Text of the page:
Metadata: Standards & Structures

Backstage is prepared to meet your library's metadata requirements from start to finish. We can serve your needs for descriptive, structural, technical, administrative, and preservation metadata, as well as full-service cataloging.

We produce and format your metadata just the way you want it.

  • Embedded or external
  • XML, text files, spreadsheets
  • MARC, Dublin Core, EAD

We are advocates of the Federal Agencies Digitization Guideline Initiative (FADGI) and its Still Image Technical Guidelines. FADGI citations below come from the document, Technical Guidelines for Digitizing Cultural Heritage Materials: Creation of Raster Image Master Files.



"Descriptive metadata refers to information that supports discovery and identification of a resource (the who, what, when and where of a resource). It describes the content of the resource, associates various access points, and describes how the resource is related to other resources intellectually or within a hierarchy. In addition to bibliographic information, it may also describe physical attributes of the resource such as media type, dimension, and condition. Descriptive metadata is usually highly structured and often conforms to one or more standardized, published schemes, such as Dublin Core or MARC. Controlled vocabularies, thesauri, or authority files are commonly used to maintain consistency across the assignment of access points. Descriptive information is usually stored outside of the image file, often in separate catalogs or databases from technical information about the image file."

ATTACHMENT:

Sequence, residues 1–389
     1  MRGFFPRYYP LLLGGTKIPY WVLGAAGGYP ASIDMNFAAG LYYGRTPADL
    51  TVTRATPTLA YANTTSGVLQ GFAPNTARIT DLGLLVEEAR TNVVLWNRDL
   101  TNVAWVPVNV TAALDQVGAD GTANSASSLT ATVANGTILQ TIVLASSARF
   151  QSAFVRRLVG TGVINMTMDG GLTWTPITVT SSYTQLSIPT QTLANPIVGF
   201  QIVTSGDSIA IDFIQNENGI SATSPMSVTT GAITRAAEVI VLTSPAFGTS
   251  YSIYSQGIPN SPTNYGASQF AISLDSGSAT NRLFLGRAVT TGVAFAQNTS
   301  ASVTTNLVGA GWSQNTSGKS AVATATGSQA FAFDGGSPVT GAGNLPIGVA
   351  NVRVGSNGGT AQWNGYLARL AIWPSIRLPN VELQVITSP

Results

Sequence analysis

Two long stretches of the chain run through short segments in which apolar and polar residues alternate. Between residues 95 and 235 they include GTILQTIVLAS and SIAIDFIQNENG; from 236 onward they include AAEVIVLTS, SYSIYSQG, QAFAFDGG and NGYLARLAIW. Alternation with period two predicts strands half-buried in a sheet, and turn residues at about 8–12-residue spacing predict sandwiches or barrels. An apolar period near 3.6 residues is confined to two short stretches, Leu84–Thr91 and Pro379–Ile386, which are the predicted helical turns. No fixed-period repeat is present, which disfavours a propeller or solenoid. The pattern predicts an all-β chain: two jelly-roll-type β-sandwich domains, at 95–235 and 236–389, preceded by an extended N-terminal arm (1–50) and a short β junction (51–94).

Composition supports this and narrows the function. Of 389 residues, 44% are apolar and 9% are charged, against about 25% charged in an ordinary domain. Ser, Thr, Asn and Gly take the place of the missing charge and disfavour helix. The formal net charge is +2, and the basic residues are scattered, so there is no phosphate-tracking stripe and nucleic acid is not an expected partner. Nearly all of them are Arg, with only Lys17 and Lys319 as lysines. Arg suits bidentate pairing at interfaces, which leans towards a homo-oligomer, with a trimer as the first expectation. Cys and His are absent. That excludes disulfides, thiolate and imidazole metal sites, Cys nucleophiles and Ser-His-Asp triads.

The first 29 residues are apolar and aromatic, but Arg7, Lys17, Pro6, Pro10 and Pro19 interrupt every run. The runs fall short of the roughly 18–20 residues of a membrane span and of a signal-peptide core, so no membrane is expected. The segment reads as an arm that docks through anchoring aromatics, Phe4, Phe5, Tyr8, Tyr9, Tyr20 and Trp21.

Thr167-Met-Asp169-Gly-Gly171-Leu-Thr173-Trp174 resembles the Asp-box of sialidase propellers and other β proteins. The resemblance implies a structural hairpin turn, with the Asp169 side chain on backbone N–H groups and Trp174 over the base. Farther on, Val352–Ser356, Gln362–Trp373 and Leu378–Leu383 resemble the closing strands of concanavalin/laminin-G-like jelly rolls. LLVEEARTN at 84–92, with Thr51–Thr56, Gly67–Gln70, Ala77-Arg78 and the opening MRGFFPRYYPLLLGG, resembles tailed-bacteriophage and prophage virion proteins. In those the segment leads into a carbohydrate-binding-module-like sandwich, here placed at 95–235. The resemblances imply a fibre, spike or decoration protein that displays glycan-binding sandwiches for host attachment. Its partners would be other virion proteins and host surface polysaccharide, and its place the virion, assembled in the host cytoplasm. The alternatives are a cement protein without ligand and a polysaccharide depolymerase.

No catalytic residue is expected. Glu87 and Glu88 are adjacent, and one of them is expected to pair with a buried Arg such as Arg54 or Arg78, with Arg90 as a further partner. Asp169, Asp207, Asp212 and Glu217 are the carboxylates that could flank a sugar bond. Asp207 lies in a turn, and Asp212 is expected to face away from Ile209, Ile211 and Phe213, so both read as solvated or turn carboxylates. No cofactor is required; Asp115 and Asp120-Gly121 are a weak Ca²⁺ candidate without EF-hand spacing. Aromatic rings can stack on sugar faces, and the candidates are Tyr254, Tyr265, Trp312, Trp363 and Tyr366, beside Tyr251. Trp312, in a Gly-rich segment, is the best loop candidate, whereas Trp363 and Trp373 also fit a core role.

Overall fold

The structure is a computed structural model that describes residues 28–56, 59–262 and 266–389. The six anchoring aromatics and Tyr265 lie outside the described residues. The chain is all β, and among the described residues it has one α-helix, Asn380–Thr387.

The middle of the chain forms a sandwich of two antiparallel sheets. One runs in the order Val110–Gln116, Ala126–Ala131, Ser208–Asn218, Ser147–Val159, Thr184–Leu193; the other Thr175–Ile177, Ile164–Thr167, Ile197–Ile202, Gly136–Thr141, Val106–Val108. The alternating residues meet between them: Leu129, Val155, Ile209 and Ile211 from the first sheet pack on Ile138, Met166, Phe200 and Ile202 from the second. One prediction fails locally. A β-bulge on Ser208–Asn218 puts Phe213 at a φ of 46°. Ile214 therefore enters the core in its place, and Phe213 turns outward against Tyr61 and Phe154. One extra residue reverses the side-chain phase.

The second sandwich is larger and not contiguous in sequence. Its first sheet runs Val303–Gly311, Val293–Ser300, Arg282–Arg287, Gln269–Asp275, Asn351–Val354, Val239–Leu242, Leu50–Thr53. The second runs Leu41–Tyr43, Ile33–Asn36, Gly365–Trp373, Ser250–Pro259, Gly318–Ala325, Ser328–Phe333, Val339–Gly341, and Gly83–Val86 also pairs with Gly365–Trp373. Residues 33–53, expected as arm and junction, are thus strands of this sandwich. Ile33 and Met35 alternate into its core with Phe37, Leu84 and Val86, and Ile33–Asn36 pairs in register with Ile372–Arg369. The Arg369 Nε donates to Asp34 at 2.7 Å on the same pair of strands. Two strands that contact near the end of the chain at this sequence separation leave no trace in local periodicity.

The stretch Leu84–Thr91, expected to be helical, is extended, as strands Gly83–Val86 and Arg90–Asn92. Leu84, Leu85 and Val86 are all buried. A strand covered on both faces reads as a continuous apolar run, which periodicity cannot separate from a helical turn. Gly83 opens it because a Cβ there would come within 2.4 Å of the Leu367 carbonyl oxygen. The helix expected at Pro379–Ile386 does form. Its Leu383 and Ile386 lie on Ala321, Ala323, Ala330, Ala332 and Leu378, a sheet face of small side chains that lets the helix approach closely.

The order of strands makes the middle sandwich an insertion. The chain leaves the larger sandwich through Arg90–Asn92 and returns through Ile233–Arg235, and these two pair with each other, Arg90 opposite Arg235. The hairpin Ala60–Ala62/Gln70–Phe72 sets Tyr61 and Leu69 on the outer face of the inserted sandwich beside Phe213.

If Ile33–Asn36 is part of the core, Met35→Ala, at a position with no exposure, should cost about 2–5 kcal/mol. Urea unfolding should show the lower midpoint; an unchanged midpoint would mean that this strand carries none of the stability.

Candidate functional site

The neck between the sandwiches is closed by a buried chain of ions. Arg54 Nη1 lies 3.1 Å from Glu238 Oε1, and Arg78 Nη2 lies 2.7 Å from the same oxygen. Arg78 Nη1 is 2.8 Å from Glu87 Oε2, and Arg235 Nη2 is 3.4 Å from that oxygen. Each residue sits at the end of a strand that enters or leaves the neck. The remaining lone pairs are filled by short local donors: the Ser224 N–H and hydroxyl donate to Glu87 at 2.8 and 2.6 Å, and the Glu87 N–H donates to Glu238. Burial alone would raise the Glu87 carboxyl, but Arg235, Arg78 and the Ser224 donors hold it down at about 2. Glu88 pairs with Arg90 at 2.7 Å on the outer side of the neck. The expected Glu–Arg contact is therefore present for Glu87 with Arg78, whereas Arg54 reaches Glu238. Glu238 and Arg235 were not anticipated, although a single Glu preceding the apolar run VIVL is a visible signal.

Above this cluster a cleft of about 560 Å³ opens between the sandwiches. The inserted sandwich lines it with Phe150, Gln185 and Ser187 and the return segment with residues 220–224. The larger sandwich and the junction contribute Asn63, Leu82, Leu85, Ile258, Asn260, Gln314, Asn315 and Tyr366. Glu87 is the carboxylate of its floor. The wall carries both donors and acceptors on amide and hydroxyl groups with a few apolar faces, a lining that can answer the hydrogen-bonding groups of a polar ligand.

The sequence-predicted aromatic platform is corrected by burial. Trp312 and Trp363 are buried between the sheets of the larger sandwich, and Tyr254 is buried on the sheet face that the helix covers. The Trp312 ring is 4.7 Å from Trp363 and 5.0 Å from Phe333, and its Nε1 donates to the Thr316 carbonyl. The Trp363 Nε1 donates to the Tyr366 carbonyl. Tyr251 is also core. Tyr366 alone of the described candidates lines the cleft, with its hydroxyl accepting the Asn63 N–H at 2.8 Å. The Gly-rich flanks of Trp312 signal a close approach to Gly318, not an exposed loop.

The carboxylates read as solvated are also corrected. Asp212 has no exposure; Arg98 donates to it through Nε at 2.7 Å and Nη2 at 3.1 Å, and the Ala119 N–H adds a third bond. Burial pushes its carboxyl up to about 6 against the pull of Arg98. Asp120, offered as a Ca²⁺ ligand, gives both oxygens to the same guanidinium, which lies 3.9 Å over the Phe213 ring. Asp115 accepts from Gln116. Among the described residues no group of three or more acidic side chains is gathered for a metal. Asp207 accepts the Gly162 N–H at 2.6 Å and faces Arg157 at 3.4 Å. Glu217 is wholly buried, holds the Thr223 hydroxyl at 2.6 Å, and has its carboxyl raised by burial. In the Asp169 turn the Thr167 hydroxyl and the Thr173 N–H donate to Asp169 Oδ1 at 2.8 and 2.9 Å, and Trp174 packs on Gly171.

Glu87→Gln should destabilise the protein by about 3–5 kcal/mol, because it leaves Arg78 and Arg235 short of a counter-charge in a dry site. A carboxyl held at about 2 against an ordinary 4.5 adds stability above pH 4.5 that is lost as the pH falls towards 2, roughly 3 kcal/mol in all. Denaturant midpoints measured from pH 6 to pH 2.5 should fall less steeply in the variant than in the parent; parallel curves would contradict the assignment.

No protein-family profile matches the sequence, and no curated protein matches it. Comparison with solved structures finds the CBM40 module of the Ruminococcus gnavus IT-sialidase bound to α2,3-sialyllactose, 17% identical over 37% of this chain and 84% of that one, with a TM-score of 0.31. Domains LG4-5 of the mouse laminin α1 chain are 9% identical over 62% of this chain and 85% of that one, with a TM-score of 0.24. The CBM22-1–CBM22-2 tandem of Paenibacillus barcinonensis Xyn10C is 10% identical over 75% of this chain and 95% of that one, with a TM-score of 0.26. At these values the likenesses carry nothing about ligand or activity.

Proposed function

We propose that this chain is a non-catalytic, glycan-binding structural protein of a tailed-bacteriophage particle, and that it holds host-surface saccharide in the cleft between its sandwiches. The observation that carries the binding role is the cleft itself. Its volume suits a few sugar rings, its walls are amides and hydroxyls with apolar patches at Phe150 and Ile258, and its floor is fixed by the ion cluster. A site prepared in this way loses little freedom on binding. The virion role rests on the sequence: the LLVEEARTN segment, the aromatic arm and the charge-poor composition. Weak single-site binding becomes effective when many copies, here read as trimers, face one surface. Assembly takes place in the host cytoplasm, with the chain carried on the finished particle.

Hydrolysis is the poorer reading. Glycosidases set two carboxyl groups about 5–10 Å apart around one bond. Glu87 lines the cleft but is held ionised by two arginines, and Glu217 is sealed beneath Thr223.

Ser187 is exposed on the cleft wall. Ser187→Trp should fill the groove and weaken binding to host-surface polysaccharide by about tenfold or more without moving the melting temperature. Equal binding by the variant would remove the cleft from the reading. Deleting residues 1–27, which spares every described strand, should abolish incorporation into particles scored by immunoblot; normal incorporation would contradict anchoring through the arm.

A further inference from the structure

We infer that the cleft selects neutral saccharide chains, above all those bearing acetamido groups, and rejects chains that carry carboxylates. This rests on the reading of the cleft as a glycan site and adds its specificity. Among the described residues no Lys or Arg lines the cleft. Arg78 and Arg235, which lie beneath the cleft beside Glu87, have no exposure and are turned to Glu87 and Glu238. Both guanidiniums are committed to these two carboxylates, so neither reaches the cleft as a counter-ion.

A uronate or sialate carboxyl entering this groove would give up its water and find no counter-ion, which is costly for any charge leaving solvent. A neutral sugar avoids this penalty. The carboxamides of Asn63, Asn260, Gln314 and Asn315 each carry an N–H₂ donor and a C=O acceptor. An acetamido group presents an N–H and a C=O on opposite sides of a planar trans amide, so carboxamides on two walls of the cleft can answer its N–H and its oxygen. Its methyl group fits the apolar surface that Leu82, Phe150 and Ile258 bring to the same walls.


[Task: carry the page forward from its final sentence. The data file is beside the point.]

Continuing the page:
At Backstage, we can:

  • Collect data directly from the objects themselves
  • Incorporate your existing data/records
  • Create original metadata, formatted to meet your project requirements



"Structural metadata describes the relationships between different components of a digital resource. It ties the various parts of a digital resource together in order to make a useable, understandable whole. One of the primary functions of structural metadata is to enable display and navigation, usually via a page-turning application, by indicating the sequence of page images or the presence of multiple views of a multi-part item. In this sense, structural metadata is closely related to the intended behaviors of an object. Structural metadata is very much informed by how the images will be delivered to the user as well as how they will be stored in a repository system in terms of how relationships among objects are expressed.